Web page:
scouts-l Mail Archive for November of 1999: Re: Consistant "rules" of Scouting (2/2) - part 2
MAJ) Mike Walton (settummanque, the blackeagle (blackeagle@SCOUTER.NET
Thu Nov 25 1999 - 15:39:39 CST
This is the second part of my response to Mike Montalvo, responding to items
I posted earlier here:
Mike Montalvo wrote and asked:
>When councils consciously disregard established by-laws and rules of
participation >to squelch unwanted thoughts (See Bill MacLeay/former Green
>Council President) is this being "professional"? (From my understanding,
national >professionals were heavily involved in this...)
When a Council President expresses an opinion or thought in his or her role
as that Council's President, he or she SHOULD be held "accountable" to the
BSA. Remember, Mike, that the volunteers of that Council elected (or should
have been involved in the election process!) him President and therefore his
words and feelings express those of the people he represents. If his
statements and feelings were NOT that of his Council but merely his own, and
if he presented them as such to the press and public as such, then the BSA
would not have any right whatsoever to do anything except what Gregg Shields
expressed in his statement that "within the BSA there is room for
disagreement and dissatisfaction within our membership and leadership."
I don't have any information available to me which proves either that the
National or Regional professional staff were involved -- or not -- in the
"shussing" of Mr. MacLeay.
>Should BSA professionals be exempt from being Trustworthy, Honest and
Yes, in favor of the following; this is the Scout Executive's Code which
each professional subscribes to prior to receiving a commission as a member
of the BSA's professional cadre; and to which many hundreds of present and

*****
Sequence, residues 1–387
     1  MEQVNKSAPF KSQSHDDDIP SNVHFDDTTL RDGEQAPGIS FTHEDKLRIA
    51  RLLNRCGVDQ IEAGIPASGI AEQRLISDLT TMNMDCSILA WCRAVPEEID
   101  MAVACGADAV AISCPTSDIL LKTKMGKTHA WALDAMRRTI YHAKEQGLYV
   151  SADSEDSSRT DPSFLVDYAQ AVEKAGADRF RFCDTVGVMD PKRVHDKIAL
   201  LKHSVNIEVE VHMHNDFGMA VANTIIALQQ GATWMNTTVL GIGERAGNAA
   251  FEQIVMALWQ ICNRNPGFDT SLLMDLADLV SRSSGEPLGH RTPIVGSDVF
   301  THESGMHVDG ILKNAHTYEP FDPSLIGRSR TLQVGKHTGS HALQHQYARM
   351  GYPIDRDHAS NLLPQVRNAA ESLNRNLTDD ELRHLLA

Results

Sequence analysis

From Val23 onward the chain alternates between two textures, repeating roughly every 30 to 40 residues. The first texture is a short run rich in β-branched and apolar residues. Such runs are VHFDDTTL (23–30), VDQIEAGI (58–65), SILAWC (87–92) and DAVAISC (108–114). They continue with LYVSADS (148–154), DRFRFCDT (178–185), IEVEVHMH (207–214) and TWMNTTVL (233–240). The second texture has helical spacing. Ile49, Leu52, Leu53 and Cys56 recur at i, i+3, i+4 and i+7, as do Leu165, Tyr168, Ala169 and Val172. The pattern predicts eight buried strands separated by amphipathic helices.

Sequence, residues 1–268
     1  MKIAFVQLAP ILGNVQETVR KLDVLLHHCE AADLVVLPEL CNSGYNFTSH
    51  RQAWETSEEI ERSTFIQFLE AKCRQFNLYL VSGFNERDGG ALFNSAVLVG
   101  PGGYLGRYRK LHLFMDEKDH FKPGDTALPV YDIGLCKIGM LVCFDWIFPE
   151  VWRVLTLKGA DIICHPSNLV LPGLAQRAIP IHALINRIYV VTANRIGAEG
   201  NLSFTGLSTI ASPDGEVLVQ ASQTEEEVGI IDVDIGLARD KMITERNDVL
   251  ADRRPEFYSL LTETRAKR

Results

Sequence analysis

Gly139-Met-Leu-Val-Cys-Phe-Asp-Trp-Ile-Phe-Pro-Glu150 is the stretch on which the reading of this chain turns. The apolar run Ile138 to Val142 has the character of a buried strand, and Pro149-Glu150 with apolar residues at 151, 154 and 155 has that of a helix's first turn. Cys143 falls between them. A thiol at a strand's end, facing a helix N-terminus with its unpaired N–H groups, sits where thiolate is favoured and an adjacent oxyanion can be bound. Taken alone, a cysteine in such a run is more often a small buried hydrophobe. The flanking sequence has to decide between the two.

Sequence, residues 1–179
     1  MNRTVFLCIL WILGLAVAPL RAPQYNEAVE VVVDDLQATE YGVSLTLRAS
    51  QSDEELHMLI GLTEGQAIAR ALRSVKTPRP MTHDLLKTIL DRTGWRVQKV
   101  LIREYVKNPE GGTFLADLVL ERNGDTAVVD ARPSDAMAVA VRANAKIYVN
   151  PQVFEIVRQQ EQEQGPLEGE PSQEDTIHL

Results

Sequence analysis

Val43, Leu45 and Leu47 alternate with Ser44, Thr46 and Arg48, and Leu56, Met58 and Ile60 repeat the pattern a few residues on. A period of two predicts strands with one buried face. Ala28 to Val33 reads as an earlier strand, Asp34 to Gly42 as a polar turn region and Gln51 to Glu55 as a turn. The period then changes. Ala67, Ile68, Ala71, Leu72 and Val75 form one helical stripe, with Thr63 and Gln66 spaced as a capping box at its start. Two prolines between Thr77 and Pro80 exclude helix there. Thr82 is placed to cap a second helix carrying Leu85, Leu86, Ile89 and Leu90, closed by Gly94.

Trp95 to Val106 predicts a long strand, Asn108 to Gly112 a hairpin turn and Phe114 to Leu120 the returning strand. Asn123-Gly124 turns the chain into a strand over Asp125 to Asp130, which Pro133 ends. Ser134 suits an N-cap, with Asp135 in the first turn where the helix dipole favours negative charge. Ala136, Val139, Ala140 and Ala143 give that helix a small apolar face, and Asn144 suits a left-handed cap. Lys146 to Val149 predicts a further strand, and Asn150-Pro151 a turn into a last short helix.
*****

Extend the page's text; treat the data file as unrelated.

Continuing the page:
former professionals still hold in very high regard. I do, or else I
wouldn't be here in this forum over the many years:
"As a member of the professional service of the Boy Scouts of America, I
will on my honor....
�Serve youth by working through the best volunteer leadership available,
recognizing that I serve best when losing myself through the service of
�Recognize that my personal example is paramount and must be acceptable
to any young person or leader of youth as I try to live in accordance
with the priniciples of Scouting.
�Build confidence in my leadership through high enthusiam and sound
administration, working with my staff associates so that they and I may
grow in capacity and effectiveness.
�Respect and enforce all national and local council policies and
procedures which are my responsibility.
�Meet my community, religious and home obligations squarely,
participating in worthly community projects, respecting our declaration
of religious principle, and building a sound spiritual foundation for
myself and my family through active participating in my church or
synagogue; maintaining a considerate, satisfying, and happy home life."
(Dan, Judy, Tim or Mark -- or any other professional out there sitting in
can you folks please price me one of those "Scout Executive Code" plaques so
that I can place it here in my office? Thanks!)
Mike, bullet points two and four speak to what I think you're saying. While
all professionals are expected to "adhear to and agree to be governed by the
Scout Oath and Law," the above set of words better express what
professionals have been working toward....and no, this is NOT a "recent
thing." I raised my right hand in the Scout Sign and pledged those same
words along with others in my "class" in 1978; and even as early as 1970
I've seen those words sitting framed or on a plaque in easy eyeshot of those